When my class discussed the “Digitals” and “I Forgot My Phone” videos, one of my students commented that technology is just evolution. None of it’s bad; it’s how you use it. This is true. We can use technology deliberately and mindfully or we can become, as Thoreau would say, tools of our tools. But how do we know the difference? I’ve felt for a couple of years now like the Internet is dangling in a crevasse, with knowledge and intimate connection on one side and commerce and social exploitation on the other. Ten years ago, the Internet wasn’t primarily a place for shopping. It was a way for people from all over the world to connect with each other, not over what we bought but over what we thought. We created content out of our own lived experience and imagination. Of course this still happens, but I fear it’s being drowned out by blaring YouTube commercials, reactive status updates, and addictive but empty feedback.
Sometimes, I dream of pirate Internet. Alternative URLs would start with “qqq” instead of “www” and they would direct those of us in the know to an underground Internet, a place where we were in control. It would be like the Trystero in The Crying of Lot 49, another prescient text I’ve taught in my senior English classes.
I’ve had a secret blog for nine years. It’s not totally secret, but if you don’t know about it already, you’re probably not going to find out. Blogging is one of three things I’ve experienced in my adult life that has changed my life. At first, my blog was just a place to post online quiz results and a way of keeping in touch, before Facebook, with some people from college. Over time, though, it became much more than that. There is a positive to lack of privacy on the Internet (that is, if it’s carefully controlled lack of privacy). I can say anything on my other blog, and because I have said anything in an interactive forum where people have listened and questioned me and related to me and supported me, I’ve learned to accept parts of myself I never thought I could. I’ve learned to own my own words and the self they represent, not to be embarrassed of shit I wrote there when I was 22 because it was necessary for me to write what I wrote then in order to write what I’m writing now. For me, blogging isn’t just a way of recording the past; it’s a tool for moving forward.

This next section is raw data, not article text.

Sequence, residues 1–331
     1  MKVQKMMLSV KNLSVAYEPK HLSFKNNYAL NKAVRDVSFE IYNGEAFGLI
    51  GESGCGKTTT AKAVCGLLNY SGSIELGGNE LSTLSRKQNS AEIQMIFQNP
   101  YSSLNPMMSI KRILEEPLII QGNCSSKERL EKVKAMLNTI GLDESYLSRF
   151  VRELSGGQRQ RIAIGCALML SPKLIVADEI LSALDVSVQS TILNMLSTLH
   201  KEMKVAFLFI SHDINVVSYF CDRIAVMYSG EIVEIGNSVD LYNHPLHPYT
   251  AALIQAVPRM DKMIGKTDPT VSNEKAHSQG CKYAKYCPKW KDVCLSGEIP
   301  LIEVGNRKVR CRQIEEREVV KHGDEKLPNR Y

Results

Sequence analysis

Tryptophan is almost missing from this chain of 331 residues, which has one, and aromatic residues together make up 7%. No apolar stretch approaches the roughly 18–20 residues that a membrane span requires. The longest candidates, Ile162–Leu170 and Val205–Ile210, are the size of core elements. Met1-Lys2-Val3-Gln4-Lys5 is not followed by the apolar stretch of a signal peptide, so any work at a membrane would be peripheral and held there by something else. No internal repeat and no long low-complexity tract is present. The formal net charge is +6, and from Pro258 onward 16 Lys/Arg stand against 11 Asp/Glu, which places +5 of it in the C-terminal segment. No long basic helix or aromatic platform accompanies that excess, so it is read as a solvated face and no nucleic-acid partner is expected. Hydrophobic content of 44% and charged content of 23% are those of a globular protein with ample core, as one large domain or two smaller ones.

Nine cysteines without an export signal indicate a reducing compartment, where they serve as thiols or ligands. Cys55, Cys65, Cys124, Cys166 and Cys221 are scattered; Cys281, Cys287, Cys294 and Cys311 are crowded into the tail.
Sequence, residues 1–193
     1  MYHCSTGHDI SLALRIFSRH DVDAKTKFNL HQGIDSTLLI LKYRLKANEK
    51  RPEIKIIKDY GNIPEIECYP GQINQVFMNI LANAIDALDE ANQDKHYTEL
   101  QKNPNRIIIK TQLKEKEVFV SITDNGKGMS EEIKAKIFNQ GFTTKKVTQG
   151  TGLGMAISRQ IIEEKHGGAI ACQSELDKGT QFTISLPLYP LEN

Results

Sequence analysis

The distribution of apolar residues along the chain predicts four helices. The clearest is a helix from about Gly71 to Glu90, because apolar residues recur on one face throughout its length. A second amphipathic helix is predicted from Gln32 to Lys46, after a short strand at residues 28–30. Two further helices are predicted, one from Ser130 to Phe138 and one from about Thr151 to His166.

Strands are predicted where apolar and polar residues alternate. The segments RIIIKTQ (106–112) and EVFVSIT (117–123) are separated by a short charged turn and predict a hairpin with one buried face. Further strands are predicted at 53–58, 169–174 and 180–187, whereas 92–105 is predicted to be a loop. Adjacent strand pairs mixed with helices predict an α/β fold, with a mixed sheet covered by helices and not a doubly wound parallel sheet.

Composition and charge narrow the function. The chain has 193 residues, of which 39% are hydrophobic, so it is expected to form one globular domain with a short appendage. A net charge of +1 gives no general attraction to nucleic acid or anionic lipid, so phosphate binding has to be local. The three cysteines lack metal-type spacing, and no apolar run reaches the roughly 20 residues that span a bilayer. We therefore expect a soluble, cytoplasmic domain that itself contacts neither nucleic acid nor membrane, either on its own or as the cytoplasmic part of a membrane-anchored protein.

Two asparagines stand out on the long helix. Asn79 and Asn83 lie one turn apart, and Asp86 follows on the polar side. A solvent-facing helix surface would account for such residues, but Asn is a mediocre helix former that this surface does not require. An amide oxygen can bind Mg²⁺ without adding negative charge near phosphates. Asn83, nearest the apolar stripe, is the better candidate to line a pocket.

For a long time, I’ve wanted to open up that space, to have a way of sharing the important things that happen there with everyone, not just a select few people. Of course, the irony is that the growth that happens over there is only possible because of the security of the site. I don’t have to worry about relatives or bosses or students or whomever finding it. So about a year ago, I bought this blog with the intention of producing a version of my other one that is fit for public consumption. I still don’t want this blog associated with my real name on the Internet (I don’t want to be Google-able), but the idea is that…well, also about a year ago, I did a radical thing, which was to delete my Facebook account. In a way, I created this blog as a way of going rogue from Fb. Because I don’t have a problem with social networking or curating the self (actually, I love those things); what bothers me are products that are billed as something they’re not, which I came to believe is absolutely the case with Fb. On the surface, it’s a free service that facilitates connections between people, but underneath that, it’s a manipulative marketing tool that exploits a human longing for meaningful interaction in the interest of generating wealth for a small handful of people. I didn’t want to be part of that anymore, but it was hard to cut ties with acquaintances I knew I wouldn’t interact with anywhere else.
A few weeks ago, I dreamed I was uploading some photos to Google+, which I don’t use for photo sharing in real life. I was uploading a picture of someone standing next to a piece of graffiti and got a message from Google that said, “It looks like this person is committing a crime.” In the dream, they froze my account and wouldn’t even let me check my email until I filled out some kind of legal form. The thing about this dream is that it doesn’t seem that farfetched to me. I believe Google’s “Don’t be evil” slogan less and less as the Internet becomes primarily a vehicle for data mining and advertising in the guise of “social networking.” Blogging is, to me, a way of enjoying more of the positive aspects of social networking (self-expression, maintaining and developing friendship, exchanging new ideas) while minimizing the negative aspects (superficiality, lack of controllable privacy, insidious marketing). If you’re reading this and we used to be Facebook friends, I still want to socially network with you, I just don’t want to do it on Mark Zuckerberg’s terms. I invite you to keep in touch with me here.